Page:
Rating 7/10

My Summary:

A fun quick read where the brilliant Stephen Wolfram writes about five other brilliant people. More from a personal standpoint than a scientific one.


But with all of this, I’m still constantly struck by how hard it is to do history. So often there’s been some story or analysis that people repeat all the time. But somehow something about it hasn’t quite rung true with me. So I’ve gone digging to try to find out the real story. Occasionally one just can’t tell what it was. But at least for the people I’ve written about in this book, there are usually enough records and documents—or actual people to talk to—that one can eventually figure it out.

Perhaps the clearest lesson is that serious ideas that people have are always deeply entwined with the trajectories of their lives.

And often he’d come up with one of those classic Feynman straightforward-sounding explanations. And he’d never tell people about all the calculations behind it. Sometimes it was kind of a game for him: having people be flabbergasted by his seemingly instant physical intuition, not knowing that really it was based on some long, hard calculation he’d done.

One thing about Feynman is that he went to some trouble to arrange his life so that he wasn’t particularly busy—and so he could just work on what he felt like. Usually he had a good supply of problems. Though sometimes his long-time assistant would say: “You should go and talk to him. Or he’s going to start working on trying to decode Mayan hieroglyphs again.” He always cultivated an air of irresponsibility. Though I would say more towards institutions than people.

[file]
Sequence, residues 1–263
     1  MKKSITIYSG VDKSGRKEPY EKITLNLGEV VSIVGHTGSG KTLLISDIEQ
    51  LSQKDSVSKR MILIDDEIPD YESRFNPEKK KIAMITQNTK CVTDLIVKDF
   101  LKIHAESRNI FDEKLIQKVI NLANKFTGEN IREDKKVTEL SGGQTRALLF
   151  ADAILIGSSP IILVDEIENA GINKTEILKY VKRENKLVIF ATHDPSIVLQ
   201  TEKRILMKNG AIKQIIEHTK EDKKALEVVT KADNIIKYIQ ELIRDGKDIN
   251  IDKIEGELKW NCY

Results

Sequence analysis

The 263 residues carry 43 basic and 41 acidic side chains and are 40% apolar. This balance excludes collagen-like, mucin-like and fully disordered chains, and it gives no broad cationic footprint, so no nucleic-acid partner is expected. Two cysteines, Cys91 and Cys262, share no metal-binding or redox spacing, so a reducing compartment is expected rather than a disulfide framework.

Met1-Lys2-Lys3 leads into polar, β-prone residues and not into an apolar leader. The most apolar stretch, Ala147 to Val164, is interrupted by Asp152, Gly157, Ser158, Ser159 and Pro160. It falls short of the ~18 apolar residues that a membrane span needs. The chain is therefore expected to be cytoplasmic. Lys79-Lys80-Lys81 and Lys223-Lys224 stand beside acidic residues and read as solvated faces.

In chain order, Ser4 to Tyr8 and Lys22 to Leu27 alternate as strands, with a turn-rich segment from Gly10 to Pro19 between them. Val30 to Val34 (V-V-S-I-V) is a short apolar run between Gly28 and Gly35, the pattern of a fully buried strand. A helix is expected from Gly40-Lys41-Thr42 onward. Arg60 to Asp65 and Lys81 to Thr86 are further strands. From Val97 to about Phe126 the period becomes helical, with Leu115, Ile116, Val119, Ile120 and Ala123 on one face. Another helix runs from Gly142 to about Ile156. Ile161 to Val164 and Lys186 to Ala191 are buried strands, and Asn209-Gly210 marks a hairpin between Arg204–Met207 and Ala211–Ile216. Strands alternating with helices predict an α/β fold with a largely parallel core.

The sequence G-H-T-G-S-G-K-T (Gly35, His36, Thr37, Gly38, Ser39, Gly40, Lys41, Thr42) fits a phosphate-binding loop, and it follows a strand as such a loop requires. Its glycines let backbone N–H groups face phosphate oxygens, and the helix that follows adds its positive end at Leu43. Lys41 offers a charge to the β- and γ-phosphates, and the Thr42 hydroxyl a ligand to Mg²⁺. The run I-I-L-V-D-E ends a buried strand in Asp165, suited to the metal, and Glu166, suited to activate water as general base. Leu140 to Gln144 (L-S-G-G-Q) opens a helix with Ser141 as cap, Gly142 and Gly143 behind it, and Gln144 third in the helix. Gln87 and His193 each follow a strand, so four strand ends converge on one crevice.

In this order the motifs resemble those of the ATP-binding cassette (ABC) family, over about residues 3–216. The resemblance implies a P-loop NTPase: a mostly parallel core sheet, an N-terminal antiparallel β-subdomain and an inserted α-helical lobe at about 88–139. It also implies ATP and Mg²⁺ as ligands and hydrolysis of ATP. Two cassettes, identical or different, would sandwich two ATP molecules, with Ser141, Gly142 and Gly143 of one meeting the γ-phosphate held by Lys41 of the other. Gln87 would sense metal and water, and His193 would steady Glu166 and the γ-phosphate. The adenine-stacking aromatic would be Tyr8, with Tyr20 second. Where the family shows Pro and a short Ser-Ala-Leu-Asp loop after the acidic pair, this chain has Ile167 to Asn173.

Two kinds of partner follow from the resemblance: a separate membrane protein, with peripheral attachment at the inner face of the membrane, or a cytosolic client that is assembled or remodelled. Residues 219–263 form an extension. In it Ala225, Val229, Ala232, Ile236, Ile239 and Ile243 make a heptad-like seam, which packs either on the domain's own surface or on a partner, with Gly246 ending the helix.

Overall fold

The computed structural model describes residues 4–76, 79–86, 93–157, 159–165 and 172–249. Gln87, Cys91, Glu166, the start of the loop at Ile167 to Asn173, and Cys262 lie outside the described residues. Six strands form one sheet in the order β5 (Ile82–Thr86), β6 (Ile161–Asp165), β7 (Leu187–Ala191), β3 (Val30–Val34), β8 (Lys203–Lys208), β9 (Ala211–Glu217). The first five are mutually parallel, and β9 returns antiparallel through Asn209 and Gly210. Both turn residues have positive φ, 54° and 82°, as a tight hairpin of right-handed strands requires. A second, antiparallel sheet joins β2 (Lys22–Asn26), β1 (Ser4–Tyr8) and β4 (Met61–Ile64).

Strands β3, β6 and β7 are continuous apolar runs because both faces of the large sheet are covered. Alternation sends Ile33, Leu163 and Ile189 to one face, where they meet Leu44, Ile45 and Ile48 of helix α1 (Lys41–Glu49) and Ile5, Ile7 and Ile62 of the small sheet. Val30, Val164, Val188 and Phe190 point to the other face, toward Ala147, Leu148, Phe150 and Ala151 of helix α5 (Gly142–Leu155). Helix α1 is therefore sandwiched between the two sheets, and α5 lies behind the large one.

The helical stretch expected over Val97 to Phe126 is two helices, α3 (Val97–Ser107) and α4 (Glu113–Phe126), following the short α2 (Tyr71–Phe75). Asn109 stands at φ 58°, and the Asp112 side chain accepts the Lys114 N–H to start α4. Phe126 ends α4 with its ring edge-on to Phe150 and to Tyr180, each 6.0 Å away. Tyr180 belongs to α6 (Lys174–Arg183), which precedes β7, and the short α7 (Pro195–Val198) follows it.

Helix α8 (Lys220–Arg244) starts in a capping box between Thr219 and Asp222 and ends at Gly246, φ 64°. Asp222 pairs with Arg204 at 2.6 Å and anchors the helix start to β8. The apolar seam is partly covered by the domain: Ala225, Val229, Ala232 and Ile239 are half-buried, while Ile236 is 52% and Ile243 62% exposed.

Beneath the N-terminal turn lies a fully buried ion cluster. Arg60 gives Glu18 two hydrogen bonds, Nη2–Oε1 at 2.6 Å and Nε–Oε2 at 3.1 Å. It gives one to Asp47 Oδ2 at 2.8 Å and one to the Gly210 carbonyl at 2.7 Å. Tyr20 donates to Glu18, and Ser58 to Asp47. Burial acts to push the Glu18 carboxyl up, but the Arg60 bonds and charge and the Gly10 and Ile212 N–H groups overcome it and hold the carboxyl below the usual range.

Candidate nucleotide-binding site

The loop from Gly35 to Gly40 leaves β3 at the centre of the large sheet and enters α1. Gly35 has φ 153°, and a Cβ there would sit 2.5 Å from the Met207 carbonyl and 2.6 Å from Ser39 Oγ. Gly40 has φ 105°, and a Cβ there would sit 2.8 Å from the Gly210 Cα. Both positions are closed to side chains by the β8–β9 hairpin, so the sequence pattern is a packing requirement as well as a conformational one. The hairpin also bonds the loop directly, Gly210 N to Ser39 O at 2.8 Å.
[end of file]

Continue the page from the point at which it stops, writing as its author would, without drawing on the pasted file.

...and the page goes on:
One of the things he often said was that “peace of mind is the most important prerequisite for creative work.” And he thought one should do everything one could to achieve that. And he thought that meant, among other things, that one should always stay away from anything worldly, like management.

One might think of undecidability as a limitation to progress, but in many ways it is instead a sign of richness. For with it comes computational irreducibility, and the possibility for systems to build up behavior beyond what can be summarized by simple formulas. Indeed, my own work suggests that much of the complexity we see in nature has precisely this origin. And perhaps it is also the essence of how from deterministic underlying laws we can build up apparent free will.

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Body photo © amazon.com